Crockett acknowledges that the Supreme Court has not recognized the right to allocution to be one of constitutional dimension. Circuit precedent may not serve to create established federal law on an issue the Supreme Court has not yet addressed or otherwise left unaddressed and open.*fn45 Because no "specific legal rule" on this issue has been "squarely established by th[e] Court,"*fn46 his argument must fail. Irrespective of the form in which the issue is posed, because there is no error of a constitutional dimension, Crockett is not entitled to relief under his third ground.

Ground 4: Denial of Right to Counsel

In his fourth ground, Crockett contends that he was denied his right to counsel. Crockett complained to the trial court about the professional conduct of the attorney who had been appointed to investigate the alleged prosecutorial conflict.*fn47 Specifically, after that attorney had been discharged, Crockett complained that the attorney had smelled of alcohol when counsel had talked to Crockett and appeared in court. Crockett argued that the trial court should have held a hearing on his Marsden motion.*fn48 The California Court of Appeal held otherwise:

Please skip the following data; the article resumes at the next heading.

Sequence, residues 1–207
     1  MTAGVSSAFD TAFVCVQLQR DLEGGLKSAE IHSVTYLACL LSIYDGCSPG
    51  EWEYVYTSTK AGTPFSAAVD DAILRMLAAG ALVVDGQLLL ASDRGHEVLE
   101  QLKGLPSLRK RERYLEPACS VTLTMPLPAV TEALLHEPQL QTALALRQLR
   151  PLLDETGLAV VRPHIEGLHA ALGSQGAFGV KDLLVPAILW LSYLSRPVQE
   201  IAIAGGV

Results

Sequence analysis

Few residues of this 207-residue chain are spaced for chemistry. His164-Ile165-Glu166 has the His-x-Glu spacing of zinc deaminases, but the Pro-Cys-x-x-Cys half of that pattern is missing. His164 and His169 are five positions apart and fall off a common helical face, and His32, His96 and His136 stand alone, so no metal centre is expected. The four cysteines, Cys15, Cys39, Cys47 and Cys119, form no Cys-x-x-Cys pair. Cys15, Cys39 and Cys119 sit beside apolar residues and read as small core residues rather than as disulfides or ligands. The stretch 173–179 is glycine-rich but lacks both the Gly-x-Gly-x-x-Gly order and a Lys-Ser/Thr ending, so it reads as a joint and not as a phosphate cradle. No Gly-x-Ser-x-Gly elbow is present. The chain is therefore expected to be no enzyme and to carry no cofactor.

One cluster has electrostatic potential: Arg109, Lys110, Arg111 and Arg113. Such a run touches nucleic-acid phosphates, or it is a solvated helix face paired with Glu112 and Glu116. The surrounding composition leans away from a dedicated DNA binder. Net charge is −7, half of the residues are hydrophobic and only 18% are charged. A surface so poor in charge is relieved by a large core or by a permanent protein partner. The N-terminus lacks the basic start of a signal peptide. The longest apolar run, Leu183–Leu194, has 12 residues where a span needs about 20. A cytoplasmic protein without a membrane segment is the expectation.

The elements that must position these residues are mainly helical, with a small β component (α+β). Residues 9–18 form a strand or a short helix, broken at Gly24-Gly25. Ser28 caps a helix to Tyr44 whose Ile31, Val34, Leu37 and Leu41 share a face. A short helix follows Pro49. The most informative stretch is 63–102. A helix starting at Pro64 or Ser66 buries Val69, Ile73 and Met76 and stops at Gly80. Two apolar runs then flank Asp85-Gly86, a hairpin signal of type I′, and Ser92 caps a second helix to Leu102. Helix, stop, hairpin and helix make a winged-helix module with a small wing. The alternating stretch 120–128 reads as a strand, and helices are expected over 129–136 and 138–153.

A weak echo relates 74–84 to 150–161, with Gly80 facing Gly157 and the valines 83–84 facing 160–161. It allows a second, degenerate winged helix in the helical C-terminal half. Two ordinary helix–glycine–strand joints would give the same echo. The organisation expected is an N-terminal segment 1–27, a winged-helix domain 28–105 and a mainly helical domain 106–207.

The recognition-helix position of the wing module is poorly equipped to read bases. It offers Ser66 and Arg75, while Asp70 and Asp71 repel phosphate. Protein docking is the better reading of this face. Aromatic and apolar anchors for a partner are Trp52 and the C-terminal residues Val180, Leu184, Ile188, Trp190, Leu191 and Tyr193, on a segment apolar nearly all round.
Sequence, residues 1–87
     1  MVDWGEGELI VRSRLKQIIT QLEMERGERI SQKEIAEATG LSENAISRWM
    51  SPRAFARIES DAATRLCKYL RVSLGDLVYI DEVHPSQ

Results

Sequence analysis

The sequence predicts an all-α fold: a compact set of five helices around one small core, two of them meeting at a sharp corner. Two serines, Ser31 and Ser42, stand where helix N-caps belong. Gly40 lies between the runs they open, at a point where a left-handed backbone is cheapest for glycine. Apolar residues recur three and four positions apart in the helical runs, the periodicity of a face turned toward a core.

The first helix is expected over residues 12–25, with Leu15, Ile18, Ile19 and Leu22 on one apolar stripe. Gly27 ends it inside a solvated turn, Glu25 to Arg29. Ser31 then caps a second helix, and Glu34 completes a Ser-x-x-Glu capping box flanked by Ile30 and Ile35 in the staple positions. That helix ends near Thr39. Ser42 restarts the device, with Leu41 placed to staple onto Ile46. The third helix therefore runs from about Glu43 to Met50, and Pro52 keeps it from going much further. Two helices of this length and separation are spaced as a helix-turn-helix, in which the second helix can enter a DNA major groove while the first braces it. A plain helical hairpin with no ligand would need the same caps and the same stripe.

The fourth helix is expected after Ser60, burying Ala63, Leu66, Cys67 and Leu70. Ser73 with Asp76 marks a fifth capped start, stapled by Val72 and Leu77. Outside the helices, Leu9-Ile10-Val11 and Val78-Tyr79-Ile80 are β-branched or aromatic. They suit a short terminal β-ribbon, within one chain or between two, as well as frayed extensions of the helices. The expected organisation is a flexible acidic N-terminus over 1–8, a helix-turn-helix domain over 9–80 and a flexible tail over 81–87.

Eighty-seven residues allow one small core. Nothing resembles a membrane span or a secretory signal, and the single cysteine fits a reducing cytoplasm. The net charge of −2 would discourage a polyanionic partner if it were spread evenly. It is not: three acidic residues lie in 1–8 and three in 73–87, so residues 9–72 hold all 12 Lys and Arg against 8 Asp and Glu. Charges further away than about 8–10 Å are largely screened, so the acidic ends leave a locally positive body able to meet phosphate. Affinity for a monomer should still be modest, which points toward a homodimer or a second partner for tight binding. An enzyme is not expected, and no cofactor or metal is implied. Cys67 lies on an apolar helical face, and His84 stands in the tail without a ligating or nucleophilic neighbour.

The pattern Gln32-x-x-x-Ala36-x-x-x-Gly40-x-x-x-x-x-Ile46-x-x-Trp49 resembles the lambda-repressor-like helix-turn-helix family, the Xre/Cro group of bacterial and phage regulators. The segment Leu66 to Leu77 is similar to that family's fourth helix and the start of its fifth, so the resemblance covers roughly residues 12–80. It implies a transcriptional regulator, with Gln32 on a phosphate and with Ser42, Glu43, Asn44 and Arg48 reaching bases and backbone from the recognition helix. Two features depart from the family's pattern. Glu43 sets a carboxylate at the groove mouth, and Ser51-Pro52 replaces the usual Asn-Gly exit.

The Need for a Marsden Hearing

Defendant contends the court abused its discretion and violated his Sixth Amendment right to counsel when it failed to hold a Marsden hearing after defendant complained defense counsel Hammonds was under the influence of alcohol.

Specifically, at sentencing, defendant complained that attorney Hammonds (who had represented defendant only to investigate into grounds for a new trial motion) "came in here with the influence of alcohol on him, and that ain't cool. When he was here the last time, I told him the same thing. Why are you coming to see me and smell like alcohol?" In response, defense counsel Ryan argued that defendant's complaints "should not be discussed here" because "Mr. Hammonds [was] no longer on the case so he can't be discharged" and "he's not here." The court did not address the matter further.